Two Can Keep a Secret(2)

We push through the door into a blast of exhaust-filled, stifling air that takes me by surprise. Even on the last day of August, I’d expected Vermont to be a lot cooler than California. I pull my hair off my neck, while Ezra scrolls through his phone. “Nana says she’s circling because she didn’t want to park in a lot,” he reports.

I raise my brows at him. “Nana’s texting and driving?”


I haven’t seen my grandmother since she visited us in California ten years ago, but from what I can remember that seems out of character.

We wait a few minutes, wilting in the heat, until a forest-green Subaru station wagon pulls up beside us. The passenger-side window rolls down, and Nana sticks her head out. She doesn’t look much different than she does over Skype, although her thick gray bangs appear freshly cut. “Go on, get in,” she calls, side-eyeing the traffic cop a few feet from us. “They won’t let you idle for more than a minute.” She pulls her head back in as Ezra wheels his solitary suitcase toward the trunk.

When we slide into the backseat Nana turns to face us, and so does a younger woman behind the steering wheel. “Ellery, Ezra, this is Melanie Kilduff. Her family lives down the street from us. I have terrible night vision, so Melanie was kind enough to drive. She used to babysit your mother when she was young. You’ve probably heard the name.”

Ezra and I exchange wide-eyed glances. Yes. Yes, we have.

Sadie left Echo Ridge when she was eighteen, and she’s only been back twice. The first time was the year before we were born, when our grandfather died from a heart attack. And the second time was five years ago, for Melanie’s teenage daughter’s funeral.

Ezra and I watched the Dateline special—“Mystery at Murderland”—at home while our neighbor stayed with us. I was transfixed by the story of Lacey Kilduff, the beautiful blond homecoming queen from my mother’s hometown, found strangled in a Halloween theme park. Airport Andy was right; the park’s owner changed its name from Murderland to Fright Farm a few months later. I’m not sure the case would have gotten as much national attention if the park hadn’t had such an on-the-nose name.

Or if Lacey hadn’t been the second pretty seventeen-year-old to go missing not only from the same small town but also the same street.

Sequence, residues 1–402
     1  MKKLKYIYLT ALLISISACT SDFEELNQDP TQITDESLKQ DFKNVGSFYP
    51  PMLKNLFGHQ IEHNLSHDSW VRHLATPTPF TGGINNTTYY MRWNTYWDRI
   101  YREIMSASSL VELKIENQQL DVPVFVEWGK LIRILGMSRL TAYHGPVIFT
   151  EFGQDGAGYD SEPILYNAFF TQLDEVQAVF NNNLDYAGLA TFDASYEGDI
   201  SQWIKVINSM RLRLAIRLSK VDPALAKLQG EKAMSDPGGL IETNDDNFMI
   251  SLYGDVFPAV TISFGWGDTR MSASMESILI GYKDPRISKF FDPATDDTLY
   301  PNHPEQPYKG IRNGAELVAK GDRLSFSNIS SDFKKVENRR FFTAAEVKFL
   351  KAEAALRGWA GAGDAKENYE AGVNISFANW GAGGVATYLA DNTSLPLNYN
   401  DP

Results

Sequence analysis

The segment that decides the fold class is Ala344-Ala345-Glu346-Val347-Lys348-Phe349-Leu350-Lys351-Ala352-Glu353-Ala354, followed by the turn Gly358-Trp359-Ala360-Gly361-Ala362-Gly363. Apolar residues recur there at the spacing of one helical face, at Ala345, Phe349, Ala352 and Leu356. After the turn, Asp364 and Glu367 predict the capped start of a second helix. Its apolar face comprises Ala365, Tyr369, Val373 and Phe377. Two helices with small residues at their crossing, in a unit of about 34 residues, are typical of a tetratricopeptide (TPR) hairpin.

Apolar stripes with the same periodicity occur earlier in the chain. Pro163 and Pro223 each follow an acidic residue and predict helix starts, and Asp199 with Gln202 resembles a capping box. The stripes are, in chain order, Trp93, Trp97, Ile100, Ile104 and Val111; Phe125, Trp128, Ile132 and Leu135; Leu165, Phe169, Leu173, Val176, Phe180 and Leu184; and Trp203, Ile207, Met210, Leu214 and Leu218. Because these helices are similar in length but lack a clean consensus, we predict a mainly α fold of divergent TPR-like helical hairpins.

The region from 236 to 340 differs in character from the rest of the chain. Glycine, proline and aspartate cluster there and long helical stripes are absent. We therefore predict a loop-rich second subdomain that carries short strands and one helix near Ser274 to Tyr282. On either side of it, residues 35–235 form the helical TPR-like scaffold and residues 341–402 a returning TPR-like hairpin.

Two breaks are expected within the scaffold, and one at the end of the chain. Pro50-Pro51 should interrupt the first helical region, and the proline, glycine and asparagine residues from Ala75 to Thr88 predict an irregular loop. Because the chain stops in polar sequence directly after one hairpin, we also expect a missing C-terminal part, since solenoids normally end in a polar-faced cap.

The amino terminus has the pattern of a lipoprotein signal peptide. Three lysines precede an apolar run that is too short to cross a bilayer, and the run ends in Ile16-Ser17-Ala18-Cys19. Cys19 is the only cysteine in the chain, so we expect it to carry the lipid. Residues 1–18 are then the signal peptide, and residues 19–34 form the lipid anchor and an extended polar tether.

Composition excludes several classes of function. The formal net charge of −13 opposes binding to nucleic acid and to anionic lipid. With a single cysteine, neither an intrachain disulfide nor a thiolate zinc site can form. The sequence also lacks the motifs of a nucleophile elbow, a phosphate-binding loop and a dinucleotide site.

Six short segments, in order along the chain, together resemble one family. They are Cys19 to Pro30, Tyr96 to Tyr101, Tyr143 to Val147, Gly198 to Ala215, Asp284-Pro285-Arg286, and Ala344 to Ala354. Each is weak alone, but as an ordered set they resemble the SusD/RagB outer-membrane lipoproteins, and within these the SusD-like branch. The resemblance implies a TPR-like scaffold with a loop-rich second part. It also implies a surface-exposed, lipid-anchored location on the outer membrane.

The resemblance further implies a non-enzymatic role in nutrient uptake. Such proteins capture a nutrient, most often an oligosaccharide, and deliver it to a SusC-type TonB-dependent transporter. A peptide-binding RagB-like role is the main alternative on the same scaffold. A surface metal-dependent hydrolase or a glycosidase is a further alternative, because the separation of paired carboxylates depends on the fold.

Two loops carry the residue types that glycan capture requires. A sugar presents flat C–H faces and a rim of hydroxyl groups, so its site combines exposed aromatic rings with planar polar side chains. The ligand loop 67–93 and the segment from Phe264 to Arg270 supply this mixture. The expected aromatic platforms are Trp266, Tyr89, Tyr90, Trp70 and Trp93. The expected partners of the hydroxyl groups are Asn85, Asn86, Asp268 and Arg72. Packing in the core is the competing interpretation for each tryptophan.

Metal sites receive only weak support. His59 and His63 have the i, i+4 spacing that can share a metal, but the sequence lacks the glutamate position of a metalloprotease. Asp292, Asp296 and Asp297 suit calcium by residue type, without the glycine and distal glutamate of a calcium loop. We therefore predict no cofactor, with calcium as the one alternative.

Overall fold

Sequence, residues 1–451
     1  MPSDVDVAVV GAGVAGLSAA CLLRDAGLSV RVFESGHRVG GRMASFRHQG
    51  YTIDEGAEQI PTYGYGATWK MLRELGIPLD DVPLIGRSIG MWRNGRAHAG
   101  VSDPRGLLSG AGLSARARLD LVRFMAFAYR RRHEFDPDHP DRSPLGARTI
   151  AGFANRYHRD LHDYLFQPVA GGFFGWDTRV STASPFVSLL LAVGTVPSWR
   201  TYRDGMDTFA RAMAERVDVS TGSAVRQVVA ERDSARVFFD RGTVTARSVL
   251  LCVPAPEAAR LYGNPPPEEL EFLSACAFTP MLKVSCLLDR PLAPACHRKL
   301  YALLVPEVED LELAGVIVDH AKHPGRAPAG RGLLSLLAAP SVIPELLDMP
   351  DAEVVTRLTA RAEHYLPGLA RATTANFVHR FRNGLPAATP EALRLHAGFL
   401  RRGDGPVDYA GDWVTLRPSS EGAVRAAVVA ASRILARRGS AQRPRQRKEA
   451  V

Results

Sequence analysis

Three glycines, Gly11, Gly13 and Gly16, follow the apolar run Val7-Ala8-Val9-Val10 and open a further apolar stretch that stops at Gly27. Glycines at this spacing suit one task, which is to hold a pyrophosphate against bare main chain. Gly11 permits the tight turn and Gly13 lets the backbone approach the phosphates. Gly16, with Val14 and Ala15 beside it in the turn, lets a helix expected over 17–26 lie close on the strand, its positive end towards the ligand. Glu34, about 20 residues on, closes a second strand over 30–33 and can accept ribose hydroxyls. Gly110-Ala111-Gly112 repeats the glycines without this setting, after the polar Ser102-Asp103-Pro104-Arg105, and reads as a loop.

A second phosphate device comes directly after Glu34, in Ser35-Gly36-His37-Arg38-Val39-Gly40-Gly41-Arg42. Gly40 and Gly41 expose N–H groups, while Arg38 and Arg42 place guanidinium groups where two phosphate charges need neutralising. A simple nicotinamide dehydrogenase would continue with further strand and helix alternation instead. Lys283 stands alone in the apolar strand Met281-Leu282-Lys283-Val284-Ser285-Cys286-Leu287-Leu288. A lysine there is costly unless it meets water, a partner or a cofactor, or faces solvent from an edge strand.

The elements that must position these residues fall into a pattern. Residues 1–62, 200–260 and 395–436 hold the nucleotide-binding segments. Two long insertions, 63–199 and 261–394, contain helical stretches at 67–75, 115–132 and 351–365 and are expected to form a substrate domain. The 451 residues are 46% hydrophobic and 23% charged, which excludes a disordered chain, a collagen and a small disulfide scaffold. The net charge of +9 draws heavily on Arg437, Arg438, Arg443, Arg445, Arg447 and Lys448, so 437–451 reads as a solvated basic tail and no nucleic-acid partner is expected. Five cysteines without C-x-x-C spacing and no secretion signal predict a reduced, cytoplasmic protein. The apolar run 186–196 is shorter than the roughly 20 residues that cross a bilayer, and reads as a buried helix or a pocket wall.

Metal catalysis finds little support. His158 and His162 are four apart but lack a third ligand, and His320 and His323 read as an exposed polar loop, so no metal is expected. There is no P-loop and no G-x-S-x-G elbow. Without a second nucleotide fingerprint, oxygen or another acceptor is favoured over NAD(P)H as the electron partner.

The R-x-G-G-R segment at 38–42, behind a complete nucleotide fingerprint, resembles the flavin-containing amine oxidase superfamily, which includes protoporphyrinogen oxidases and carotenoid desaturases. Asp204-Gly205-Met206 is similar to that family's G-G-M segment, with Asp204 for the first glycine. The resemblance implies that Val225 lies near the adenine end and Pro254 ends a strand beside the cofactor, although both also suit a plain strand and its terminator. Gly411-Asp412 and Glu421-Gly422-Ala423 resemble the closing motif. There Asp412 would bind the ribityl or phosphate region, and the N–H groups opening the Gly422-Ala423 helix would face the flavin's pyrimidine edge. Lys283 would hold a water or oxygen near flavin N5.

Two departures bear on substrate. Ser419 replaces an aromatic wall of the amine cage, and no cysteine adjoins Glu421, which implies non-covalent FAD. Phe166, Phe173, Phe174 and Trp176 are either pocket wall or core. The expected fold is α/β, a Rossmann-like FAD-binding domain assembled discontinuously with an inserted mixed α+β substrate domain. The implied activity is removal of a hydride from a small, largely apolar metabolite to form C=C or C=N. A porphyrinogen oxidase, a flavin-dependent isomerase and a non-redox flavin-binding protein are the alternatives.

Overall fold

Sadie wouldn’t answer any of our questions when she got back from Lacey’s funeral. “I just want to forget about it,” she said whenever we asked. Which is what she’s been saying about Echo Ridge our entire lives.

Ironic, I guess, that we ended up here anyway.

“Nice to meet you,” Ezra says to Melanie, while I somehow manage to choke on my own saliva. He pounds me on the back, harder than necessary.

Melanie is pretty in a faded sort of way, with pale blond hair pulled into a French braid, light blue eyes, and a sprinkling of freckles. She flashes a disarming, gap-toothed smile. “You as well. Sorry we’re late, but we hit a surprising amount of traffic. How was your flight?”

Before Ezra can answer, a loud rap sounds on the roof of the Subaru, making Nana jump. “You need to keep moving,” the traffic cop calls.

“Burlington is the rudest city,” Nana huffs. She presses a button on the door to close her window as Melanie eases the car behind a taxi.

I fumble with my seat belt as I stare at the back of Melanie’s head. I wasn’t expecting to meet her like this. I figured I would eventually, since she and Nana are neighbors, but I thought it would be more of a wave while taking out the trash, not an hour-long drive as soon as I landed in Vermont.

“I was so sorry to hear about your mother,” Melanie says as she exits the airport and pulls onto a narrow highway dotted with green signs. It’s almost ten o’clock at night, and a small cluster of buildings in front of us glows with lit windows. “But I’m glad she’s getting the help she needs. Sadie is such a strong woman. I’m sure you’ll be back with her soon, but I hope you enjoy your time in Echo Ridge. It’s a lovely little town. I know Nora is looking forward to showing you around.”

There. That’s how you navigate an awkward conversation. No need to lead with Sorry your mom drove her car into a jewelry store while she was high on opioids and had to go to rehab for four months. Just acknowledge the elephant in the room, sidestep, and segue into smoother conversational waters.

Welcome to Echo Ridge.

I fall asleep shortly after we hit the highway, and don’t stir until a loud noise jolts me awake. It sounds as though the car is being pelted from every direction with dozens of rocks. I turn toward Ezra, disoriented, but he looks equally confused. Nana twists in her seat, shouting to be heard over the roar. “Hail. Not uncommon this time of year. Although these are rather large.”

“I’m going to pull over and let this pass,” Melanie calls. She eases the car to the side of the road and shifts into park. The hail is hitting harder than ever, and I can’t help but think that she’s going to have hundreds of tiny dents in her car by the time it stops. One particularly large hailstone smacks right into the middle of the windshield, startling us all.

“How is it hailing?” I ask. “It was hot in Burlington.”

“Hail forms in the cloud layer,” Nana explains, gesturing toward the sky. “Temperatures are freezing there. The stones will melt quickly on the ground, though.”

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